The south side of what was now beginning to look like a square was completed between 1822 and 1824. St. Joseph's Square has character, despite the ravages of time and sometimes questionable refurbishment. It may be that it is hard to go seriously wrong when building within a tradition (in this case the Georgian) and perhaps particularly difficult if there is not much money to spend.
South of the square is an untidy cluster of buildings which housed the lay college. At its heart is the finest heritage building in the College, the eighteenth-century Riverstown Lodge, which still survives the less worthy later additions that surround it. The buildings were incorporated into the seminary when the lay college closed in 1817, clearly made redundant by the opening of Clongowes Wood in 1814. Two large functional buildings, Rhetoric and Logic Houses, were built in the early 1830s and became the Junior House. In this area some relief is provided by the 'Junior Garden'. It is outlined as the garden of Riverstown Lodge on a map dated 1809. It was rejuvenated by the late Cardinal D'Alton when he was President in the 1930s. He initiated what is its most notable feature, the rock garden.
Finding a Staff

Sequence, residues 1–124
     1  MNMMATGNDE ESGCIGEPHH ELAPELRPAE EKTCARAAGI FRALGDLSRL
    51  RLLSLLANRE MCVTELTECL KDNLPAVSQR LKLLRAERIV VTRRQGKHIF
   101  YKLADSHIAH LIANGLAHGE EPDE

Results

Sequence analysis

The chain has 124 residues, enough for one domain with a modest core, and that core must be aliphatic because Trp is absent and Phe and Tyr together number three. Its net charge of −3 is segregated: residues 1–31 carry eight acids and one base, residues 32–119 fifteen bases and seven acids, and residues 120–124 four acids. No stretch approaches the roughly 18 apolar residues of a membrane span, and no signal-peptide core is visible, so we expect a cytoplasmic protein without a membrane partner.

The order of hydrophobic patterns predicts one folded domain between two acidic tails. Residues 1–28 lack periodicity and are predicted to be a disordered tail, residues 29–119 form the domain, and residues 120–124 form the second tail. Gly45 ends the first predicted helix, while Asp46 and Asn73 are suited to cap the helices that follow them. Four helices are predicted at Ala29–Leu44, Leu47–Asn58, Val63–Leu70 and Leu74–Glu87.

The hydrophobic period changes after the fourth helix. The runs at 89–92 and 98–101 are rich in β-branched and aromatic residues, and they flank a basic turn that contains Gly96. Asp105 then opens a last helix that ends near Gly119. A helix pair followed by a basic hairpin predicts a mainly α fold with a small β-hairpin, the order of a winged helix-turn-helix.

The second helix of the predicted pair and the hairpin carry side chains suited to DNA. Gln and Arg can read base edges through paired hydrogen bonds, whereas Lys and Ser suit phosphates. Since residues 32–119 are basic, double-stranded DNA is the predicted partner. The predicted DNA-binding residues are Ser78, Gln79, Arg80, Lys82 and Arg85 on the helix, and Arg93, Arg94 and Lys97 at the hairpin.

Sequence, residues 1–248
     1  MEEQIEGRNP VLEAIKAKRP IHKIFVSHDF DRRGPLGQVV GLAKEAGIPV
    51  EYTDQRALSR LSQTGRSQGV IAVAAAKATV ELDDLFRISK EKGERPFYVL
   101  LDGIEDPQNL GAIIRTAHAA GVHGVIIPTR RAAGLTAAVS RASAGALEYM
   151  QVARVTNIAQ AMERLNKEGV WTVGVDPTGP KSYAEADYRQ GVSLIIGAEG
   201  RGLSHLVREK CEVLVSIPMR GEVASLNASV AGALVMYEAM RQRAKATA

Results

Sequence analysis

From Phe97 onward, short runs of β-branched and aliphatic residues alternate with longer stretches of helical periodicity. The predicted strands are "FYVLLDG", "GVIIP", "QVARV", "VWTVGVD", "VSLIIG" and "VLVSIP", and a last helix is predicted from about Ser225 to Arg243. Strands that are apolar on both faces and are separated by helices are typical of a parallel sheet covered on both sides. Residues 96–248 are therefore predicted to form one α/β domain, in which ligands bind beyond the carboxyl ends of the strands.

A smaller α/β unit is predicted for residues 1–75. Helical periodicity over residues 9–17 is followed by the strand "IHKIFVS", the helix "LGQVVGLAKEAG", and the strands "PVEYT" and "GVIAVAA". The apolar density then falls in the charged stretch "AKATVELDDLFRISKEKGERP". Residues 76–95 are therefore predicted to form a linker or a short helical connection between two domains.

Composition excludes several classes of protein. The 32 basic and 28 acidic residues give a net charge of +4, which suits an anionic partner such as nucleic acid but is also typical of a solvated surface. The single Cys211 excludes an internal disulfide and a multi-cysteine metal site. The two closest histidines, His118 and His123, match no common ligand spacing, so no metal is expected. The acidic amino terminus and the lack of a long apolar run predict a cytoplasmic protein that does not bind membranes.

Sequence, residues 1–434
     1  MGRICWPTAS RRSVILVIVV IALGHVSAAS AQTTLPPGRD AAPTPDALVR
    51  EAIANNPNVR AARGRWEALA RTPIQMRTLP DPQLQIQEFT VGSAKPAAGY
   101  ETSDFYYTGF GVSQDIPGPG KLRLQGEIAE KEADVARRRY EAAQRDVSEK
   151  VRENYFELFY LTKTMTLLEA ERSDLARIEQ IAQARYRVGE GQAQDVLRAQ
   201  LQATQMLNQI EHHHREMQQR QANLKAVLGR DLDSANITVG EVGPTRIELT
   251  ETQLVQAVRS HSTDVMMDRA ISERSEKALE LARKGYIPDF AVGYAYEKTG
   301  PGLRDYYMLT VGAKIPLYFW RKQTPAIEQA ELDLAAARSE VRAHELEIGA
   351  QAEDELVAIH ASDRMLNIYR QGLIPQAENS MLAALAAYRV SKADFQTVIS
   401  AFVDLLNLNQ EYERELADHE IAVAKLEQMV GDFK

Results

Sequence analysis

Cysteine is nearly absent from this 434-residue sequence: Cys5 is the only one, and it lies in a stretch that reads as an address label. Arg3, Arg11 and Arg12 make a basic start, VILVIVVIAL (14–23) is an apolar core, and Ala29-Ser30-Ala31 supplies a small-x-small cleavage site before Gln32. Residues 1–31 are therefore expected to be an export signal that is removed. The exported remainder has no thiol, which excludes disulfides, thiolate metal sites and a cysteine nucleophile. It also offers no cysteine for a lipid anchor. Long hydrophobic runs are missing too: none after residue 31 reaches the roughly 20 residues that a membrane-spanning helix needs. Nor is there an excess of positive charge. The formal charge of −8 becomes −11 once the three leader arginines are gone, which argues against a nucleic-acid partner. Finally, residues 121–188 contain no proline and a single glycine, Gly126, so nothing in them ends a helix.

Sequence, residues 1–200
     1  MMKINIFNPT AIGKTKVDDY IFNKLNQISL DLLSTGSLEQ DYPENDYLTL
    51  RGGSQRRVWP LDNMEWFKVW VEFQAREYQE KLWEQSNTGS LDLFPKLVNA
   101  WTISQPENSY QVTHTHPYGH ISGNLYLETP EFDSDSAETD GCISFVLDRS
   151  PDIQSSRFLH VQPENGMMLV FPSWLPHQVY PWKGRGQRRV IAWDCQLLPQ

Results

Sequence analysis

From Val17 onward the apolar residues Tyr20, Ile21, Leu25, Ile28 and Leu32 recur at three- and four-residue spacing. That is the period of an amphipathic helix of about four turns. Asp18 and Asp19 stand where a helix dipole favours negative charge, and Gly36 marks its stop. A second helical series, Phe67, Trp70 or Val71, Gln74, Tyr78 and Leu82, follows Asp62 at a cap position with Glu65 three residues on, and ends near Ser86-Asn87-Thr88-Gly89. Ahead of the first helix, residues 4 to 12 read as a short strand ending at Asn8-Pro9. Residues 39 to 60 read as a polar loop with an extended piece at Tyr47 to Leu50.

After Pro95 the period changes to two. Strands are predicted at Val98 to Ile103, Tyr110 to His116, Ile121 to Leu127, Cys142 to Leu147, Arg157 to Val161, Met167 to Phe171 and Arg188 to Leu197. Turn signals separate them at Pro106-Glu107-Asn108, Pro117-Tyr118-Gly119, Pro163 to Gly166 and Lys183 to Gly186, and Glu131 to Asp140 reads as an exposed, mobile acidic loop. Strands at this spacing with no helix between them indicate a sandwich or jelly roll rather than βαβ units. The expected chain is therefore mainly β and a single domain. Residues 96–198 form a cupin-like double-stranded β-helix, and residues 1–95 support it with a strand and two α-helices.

In the 1790s it was clearly a problem to find teaching and administrative staff in a country when there had never been a seminary. Fortunately there was a solution in the many émigré priests who had fled the French Revolution. Some were French, some Irish, the latter being strongly French in culture. In consequence, the College had a strong 'French' flavour at the beginning. The passage of time brought its inevitable 'greening'. A good place to get a sense of this is the cemetery, just beyond the Junior Garden, where the first burial took place in 1817. One might also reflect that the most famous of the earlier staff was neither French nor a theologian, Nicholas Callen, Professor of Natural Philosophy (or, as we would say, Mathematics and Physics) from 1826 to 1864. He was a pioneer of applied electricity, patenting an improved battery and a process for galvanising iron, and, it seems certain, making the first working induction coil, which, curiously, he did not patent. The apparatus he built for himself is in the College Museum, near the Junior Garden, and opened by request. The Museum also contains a collection of Irish-made scientific instruments and of ecclesiastical items.